INVESTIGATING THE DIMERIZATION OF RASG USING BIOLUMINESCENCE RESONANCE ENERGY TRANSFER (BRET)
AuthorWEISS, ETHAN T.
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PublisherThe University of Arizona.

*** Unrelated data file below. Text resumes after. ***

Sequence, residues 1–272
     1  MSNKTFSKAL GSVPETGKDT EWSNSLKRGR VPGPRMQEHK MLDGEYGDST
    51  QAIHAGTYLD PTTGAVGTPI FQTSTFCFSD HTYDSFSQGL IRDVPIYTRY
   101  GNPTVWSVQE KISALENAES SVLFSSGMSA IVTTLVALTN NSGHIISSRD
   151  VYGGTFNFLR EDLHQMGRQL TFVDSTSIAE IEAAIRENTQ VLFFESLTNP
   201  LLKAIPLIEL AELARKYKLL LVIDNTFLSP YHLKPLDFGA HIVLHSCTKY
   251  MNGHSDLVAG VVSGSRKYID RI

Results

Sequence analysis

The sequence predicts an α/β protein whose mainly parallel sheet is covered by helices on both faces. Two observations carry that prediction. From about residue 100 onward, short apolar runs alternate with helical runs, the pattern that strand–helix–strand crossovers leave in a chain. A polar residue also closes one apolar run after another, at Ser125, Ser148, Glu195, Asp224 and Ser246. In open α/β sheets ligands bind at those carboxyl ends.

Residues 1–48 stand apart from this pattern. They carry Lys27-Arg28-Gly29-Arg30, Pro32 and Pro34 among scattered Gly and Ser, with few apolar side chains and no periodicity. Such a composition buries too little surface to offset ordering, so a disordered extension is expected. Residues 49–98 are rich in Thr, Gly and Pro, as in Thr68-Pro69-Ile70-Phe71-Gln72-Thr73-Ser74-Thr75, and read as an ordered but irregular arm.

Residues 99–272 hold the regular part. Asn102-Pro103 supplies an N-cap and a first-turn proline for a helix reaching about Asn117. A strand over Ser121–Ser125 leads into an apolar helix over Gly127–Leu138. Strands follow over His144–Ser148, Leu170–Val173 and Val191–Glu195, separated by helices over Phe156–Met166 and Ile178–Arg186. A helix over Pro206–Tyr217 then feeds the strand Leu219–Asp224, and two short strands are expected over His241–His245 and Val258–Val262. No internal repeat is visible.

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AbstractIn diseases such as cancer, metastasis, the spread of cancer to secondary tumor sites, is one of the greatest challenges associated with disease progression and treatment. Ras has been identified as a molecular driver of cancer in nearly 30% of all tumors and is heavily implicated in processes like metastasis. Previous research has suggested that Ras may function as homodimers, but the nature and role of this oligomerization in regulating Ras function is unclear. The single-cell eukaryote Dictyostelium discoideum has proven to be a great model to study Ras signaling and function, mostly due to its simpler signaling network. To investigate Ras dimerization in Dictyostelium, Bioluminescence Resonance Energy Transfer (BRET) was employed which allows for studying real-time protein-protein interactions in live cells. Using the novel GoldenBraid cloning method, the desired BRET constructs were generated by fusing the energy donor Renilla luciferase and energy acceptor GFP2 in-frame at the N-terminus of the RasG protein. Both BRET constructs were expressed in rasG null cells and the integrity of the fusion proteins and functionality of the reporters were verified. The BRET2 assay was performed on vegetative rasG null cells expressing GFP2-RasG and Rluc2-RasG and homodimerization was not observed. Future experiments will explore RasG homodimerization in chemotactically competent cells pulsed with cAMP.